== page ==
WASHINGTON – California’s drought has sparked a new push by federal lawmakers to create or expand a handful of reservoirs around the state, ramping up a political battle that former Gov. Arnold Schwarzenegger once referred to as a “holy war in some ways.”
Government agencies have been studying five major water storage projects for nearly two decades, with nothing to show for the effort so far.
Meanwhile, the state’s water problems have only grown worse. California has had its third relatively dry winter in a row and court rulings have mandated that more water be released from reservoirs to sustain fish species in Northern California’s delta. At the same time, the nation’s most populous state, now at 38 million residents, continues to grow beyond the capacity of a water storage and delivery system that was mostly completed in the late 1960s.
This winter is among the driest on record, forcing some communities to ration water and leading farmers to fallow thousands of acres that otherwise would be producing vegetables, fruits and nuts.
The state Legislature is expected to debate water storage options later this year as it seeks compromise on a multibillion-dollar water bond for the November ballot. But California’s congressional delegation has provided a jumpstart.
Bills proposed in Congress would authorize a number of projects to expand or create reservoirs. Among the projects are raising the dam at Shasta Lake to store more water in California’s largest reservoir, creating a new reservoir in the Sierra Nevada along the upper San Joaquin River east of Fresno, and damming a valley north of Sacramento.
Other storage options include expanding the dams at the San Luis Reservoir in the central part of the state and at Los Vaqueros Reservoir in the eastern San Francisco Bay Area.
Authorizing such projects through federal legislation would be a prerequisite for dedicating money to a project in the future.
Democratic Sen. Dianne Feinstein said those who oppose new or expanded dams are hoping that doing so will deter growth and development, but it’s a losing battle.
“Growth comes anyway,” she said. “Then you don’t have enough water.”
Feinstein acknowledges that conservation also is critical to meeting the state’s water needs but said some new or expanded reservoirs must be allowed so more water can be captured during wet years and stored for use during the dry ones.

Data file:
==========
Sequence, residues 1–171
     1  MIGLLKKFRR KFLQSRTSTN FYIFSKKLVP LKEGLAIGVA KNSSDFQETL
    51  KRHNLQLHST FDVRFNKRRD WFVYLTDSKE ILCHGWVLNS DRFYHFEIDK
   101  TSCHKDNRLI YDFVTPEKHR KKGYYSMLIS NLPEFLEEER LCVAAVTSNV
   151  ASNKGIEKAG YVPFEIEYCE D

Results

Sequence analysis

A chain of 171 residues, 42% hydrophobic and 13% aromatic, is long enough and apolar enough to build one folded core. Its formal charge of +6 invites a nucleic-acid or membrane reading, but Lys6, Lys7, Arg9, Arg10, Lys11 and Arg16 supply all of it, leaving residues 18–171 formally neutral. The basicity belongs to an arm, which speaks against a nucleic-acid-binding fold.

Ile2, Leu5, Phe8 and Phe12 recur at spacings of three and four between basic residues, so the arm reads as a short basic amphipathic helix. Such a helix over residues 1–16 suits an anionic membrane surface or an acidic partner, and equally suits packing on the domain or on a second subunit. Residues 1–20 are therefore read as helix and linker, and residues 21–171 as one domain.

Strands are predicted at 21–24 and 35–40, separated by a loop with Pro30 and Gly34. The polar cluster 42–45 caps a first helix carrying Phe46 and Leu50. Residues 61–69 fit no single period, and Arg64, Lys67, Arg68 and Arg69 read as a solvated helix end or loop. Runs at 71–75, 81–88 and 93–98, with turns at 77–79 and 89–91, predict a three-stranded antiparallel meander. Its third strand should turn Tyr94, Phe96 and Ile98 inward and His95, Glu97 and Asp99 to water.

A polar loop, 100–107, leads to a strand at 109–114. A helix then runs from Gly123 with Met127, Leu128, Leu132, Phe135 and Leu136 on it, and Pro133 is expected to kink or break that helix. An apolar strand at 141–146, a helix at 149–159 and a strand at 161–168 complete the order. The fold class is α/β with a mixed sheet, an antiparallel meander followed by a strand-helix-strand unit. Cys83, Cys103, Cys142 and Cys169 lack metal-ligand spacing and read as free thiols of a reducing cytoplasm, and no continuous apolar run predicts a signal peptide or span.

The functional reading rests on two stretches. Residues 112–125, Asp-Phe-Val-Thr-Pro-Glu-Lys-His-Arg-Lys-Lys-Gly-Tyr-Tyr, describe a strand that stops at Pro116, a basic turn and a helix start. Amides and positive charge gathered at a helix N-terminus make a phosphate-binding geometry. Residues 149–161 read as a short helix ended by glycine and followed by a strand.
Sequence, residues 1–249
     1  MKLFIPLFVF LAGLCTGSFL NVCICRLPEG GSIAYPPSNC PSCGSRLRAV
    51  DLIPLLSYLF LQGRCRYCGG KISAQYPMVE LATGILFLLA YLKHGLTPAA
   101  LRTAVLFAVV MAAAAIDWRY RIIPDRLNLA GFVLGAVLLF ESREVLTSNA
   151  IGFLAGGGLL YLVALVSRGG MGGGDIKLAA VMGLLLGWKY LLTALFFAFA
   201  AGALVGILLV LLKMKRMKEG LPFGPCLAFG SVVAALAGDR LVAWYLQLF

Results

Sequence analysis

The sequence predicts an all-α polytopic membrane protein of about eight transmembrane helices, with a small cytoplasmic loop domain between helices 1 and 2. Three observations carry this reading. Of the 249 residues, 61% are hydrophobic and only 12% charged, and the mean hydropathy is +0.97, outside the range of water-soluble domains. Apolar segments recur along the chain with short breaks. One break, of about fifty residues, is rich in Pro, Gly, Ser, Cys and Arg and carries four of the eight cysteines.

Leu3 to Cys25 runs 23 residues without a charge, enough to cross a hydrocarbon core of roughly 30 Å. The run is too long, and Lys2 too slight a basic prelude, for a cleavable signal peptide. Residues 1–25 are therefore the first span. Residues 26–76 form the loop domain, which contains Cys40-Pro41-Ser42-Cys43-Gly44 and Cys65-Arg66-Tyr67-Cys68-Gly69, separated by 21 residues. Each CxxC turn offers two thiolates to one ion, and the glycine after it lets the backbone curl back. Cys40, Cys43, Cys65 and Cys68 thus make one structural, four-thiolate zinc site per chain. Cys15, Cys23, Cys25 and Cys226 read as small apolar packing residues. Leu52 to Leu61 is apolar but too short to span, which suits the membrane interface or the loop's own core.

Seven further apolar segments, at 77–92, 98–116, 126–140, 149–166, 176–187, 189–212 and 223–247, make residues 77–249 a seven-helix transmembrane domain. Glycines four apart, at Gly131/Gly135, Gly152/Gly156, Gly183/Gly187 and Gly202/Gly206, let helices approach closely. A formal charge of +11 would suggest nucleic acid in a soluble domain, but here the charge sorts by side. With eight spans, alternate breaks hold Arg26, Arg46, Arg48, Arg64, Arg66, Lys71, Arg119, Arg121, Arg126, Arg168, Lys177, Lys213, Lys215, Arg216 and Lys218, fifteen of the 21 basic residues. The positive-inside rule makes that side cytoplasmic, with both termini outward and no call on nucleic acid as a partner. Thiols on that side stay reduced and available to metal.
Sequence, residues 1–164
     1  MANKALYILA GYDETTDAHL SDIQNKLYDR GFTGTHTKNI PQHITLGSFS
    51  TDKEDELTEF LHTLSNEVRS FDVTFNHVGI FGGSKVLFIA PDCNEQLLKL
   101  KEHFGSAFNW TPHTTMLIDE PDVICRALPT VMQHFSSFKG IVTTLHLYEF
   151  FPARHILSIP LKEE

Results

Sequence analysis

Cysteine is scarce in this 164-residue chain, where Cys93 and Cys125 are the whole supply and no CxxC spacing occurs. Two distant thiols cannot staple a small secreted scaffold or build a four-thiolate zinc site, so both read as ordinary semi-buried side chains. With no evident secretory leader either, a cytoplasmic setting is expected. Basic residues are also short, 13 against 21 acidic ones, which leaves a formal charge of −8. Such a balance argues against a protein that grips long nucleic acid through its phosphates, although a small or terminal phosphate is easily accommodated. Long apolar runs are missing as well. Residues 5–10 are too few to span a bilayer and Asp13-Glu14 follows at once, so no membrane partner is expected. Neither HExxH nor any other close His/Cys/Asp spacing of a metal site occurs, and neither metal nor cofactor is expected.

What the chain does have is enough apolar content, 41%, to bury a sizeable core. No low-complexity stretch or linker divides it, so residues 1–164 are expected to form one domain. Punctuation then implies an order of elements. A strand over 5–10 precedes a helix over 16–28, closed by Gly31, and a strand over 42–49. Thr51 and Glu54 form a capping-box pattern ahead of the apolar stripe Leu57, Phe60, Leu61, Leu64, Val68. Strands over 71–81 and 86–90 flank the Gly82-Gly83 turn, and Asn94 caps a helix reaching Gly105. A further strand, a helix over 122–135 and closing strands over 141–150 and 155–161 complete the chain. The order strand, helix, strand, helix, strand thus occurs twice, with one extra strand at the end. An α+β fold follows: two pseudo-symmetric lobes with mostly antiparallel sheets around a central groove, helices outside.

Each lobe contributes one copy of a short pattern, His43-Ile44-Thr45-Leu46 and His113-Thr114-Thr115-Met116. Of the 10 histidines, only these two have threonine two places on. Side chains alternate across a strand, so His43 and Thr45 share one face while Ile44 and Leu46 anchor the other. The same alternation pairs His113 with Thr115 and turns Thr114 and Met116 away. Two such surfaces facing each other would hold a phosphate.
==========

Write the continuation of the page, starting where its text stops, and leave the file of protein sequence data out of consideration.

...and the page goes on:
“They have a certain prior, I don’t know how to put it, stigma to them,” she said of dams. “But this is a different day now. And it’s a day that’s been coming for a long time. Somehow, we’ve got to measure up to it.”
In California, water often is a shared commodity between the federal government, the state and local users.
Feinstein is urging the state Legislature to modify the bond measure on the November ballot to prioritize both water storage and conservation. She would like to see $3 billion dedicated in the bond to developing storage, with an additional $2 billion set aside for restoring the Sacramento-San Joaquin River Delta, the heart of California’s water-delivery system.
Doing so would be intended to appease both farmers and environmentalists.
No doubt there will be opposition. The $1 billion proposal to raise the dam at Shasta, for example, would flood part of the McCloud River, one of the most picturesque rivers in the state. It also would inundate several sacred sites of the Winnemem Wintu, a small tribe that is not federally recognized.
In general, creating and expanding reservoirs are among the most expensive and environmentally harmful ways to address California’s water issues, said Doug Obegi, an attorney with the Natural Resources Defense Council. He said investing in water recycling, stormwater capture in urban areas and similar projects provides a greater return on investment.
He said he failed to see how the current storage projects would help California’s overall water supply, with so many reservoirs already far below their capacity.
“It just doesn’t add up to a lot of water,” he said.
Peter Gleick, director of the Pacific Institute and one of California’s leading water experts, said major dam projects “worked fine when there was new water to be had and when we didn’t care about the environment. But those days are over.”